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Cannabis committee to oversee San Francisco pot business

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San Francisco Supervisors Tuesday voted unanimously to create a committee to oversee The City’s growing cannabis industry.

The Cannabis Oversight Committee will advise the Board of Supervisors and Mayor London Breed on issues relating to cannabis, such as implementation and enforcement.

The committee will work with The City’s Office of Cannabis, but will not have the authority to fire, hire or evaluate personnel at the office, nor will it have the authority to issue, deny or modify permits for cannabis businesses.

The committee will be made up of stakeholders in The City’s cannabis industry, but if none apply for the committee, supervisors could then appoint a committee member.

Also, during today’s meeting, Supervisor Hillary Ronen introduced legislation to amend The City’s rent control ordinance. Ronen’s legislation would extend protections on rent-controlled apartments to ensure that widows and family members can stay in a unit following the death of a unit’s original leaseholder.

According to Ronen, The City’s rent ordinance was drafted to mirror the state’s 1995 Costa-Hawkins Rental Housing Act, which prevents California cities and counties from applying rent control to apartments built after 1995, or to single-family rental units and condos. Costa-Hawkins also allows landlords to raise the rent as much as they want if a unit becomes vacant.

State Proposition 10, also known as the Affordable Housing Act, will be on this November’s ballot and would repeal the Costa-Hawkins Act and return authority over rent regulations to local jurisdictions. Ronen said her legislation could be implemented immediately if Prop. 10 passes:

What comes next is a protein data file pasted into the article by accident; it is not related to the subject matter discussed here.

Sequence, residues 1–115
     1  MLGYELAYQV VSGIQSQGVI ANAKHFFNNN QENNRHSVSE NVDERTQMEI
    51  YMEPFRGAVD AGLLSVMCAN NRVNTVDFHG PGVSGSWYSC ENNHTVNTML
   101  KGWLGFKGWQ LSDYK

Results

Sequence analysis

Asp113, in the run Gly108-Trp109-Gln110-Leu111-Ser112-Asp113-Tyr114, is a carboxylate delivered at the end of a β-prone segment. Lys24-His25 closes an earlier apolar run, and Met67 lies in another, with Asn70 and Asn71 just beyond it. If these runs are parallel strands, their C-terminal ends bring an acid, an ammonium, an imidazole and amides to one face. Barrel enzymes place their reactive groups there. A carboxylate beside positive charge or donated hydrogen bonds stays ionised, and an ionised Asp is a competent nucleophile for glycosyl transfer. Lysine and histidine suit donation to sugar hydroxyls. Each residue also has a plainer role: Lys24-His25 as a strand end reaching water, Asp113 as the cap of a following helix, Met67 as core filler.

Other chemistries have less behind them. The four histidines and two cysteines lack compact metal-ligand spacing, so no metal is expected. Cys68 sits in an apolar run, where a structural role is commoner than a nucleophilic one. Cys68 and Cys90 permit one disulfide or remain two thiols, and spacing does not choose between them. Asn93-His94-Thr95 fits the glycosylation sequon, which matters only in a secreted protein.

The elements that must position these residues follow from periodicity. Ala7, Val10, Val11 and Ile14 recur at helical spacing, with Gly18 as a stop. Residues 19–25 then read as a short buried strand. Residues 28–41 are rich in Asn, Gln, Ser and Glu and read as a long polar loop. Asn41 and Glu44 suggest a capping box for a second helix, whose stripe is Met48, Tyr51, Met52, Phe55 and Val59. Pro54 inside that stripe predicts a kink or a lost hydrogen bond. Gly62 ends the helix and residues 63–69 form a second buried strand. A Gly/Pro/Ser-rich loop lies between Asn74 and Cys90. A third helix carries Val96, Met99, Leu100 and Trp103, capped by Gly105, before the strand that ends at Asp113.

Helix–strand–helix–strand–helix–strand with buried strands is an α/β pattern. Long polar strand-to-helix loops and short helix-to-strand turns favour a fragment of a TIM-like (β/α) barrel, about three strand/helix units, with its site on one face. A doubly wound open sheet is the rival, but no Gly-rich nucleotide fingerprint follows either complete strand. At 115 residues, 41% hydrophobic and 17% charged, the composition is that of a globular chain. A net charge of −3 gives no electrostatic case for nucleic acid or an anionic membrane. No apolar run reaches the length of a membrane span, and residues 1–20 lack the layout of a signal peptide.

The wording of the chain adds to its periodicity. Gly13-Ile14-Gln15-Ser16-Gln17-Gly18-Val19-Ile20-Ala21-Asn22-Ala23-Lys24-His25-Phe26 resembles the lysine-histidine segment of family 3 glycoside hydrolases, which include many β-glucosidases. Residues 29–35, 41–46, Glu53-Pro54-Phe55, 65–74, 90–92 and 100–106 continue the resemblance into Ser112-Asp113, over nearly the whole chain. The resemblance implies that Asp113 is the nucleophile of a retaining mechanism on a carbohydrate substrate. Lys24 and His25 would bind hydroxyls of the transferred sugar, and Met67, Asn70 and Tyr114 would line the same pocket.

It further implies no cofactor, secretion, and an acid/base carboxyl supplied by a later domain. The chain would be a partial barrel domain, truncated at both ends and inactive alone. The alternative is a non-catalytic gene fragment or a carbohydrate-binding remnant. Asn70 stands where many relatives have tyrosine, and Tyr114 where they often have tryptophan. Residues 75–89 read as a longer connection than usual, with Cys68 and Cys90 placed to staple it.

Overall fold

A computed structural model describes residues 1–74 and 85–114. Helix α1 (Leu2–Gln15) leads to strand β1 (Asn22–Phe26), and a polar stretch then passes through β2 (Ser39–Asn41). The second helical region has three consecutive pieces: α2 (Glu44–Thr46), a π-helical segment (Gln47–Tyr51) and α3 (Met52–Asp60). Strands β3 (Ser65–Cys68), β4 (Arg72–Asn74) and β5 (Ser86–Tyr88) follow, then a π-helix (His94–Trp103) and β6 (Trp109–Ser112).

“Any family who is not the original occupants, no matter how long they lived in the home, are completely unprotected. … This particular section has, and continues to have, disastrous effects.”

Supervisors Tuesday also unanimously voted to increase wages for home caregivers and nonprofit workers contracted by The City, following weeks of negotiations between Breed and labor leaders.

The new ordinance brings wages for nonprofit contractors to $16.50 an hour by July 1, 2019. Wages for home health care workers will increase in increments ranging between 50 cents and $1, bringing their hourly wage from $15 to $18.75 by July 1, 2023.

Home health care workers are tasked with caring for seniors and people with disabilities, while nonprofit contactors typically work with homeless people and families.

The wage increase for San Francisco’s 20,000 home health care workers will make them the highest paid home health care workers in the nation.

The legislation was sponsored by Ronen and Supervisor Sandra Lee Fewer.

Ronen said:

“This is something to go home and celebrate because, at least in San Francisco, we’re moving in the right direction. That’s something to be proud of and spread to other cities and counties that need to make sure that their lowest paid workers can survive.”

The board’s unanimous vote was met with a loud applause from the audience, which was made up of several members of Service Employees International Union Local 1021, which participated in the negotiations.

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